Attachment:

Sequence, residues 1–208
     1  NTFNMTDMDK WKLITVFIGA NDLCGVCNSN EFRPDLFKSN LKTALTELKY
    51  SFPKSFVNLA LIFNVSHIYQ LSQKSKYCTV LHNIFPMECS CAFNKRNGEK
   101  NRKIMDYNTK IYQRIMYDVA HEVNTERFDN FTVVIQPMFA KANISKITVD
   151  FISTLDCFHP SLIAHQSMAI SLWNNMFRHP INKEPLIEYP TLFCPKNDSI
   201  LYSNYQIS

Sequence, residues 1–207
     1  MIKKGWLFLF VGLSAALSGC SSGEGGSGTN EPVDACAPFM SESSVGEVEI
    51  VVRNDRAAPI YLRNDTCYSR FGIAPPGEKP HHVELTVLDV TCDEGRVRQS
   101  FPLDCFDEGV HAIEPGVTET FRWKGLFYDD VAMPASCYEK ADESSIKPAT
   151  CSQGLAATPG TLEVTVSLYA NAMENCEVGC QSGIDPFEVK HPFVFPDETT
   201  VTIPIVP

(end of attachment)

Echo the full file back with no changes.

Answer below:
Sequence, residues 1–208
     1  NTFNMTDMDK WKLITVFIGA NDLCGVCNSN EFRPDLFKSN LKTALTELKY
    51  SFPKSFVNLA LIFNVSHIYQ LSQKSKYCTV LHNIFPMECS CAFNKRNGEK
   101  NRKIMDYNTK IYQRIMYDVA HEVNTERFDN FTVVIQPMFA KANISKITVD
   151  FISTLDCFHP SLIAHQSMAI SLWNNMFRHP INKEPLIEYP TLFCPKNDSI
   201  LYSNYQIS

Sequence, residues 1–207
     1  MIKKGWLFLF VGLSAALSGC SSGEGGSGTN EPVDACAPFM SESSVGEVEI
    51  VVRNDRAAPI YLRNDTCYSR FGIAPPGEKP HHVELTVLDV TCDEGRVRQS
   101  FPLDCFDEGV HAIEPGVTET FRWKGLFYDD VAMPASCYEK ADESSIKPAT
   151  CSQGLAATPG TLEVTVSLYA NAMENCEVGC QSGIDPFEVK HPFVFPDETT
   201  VTIPIVP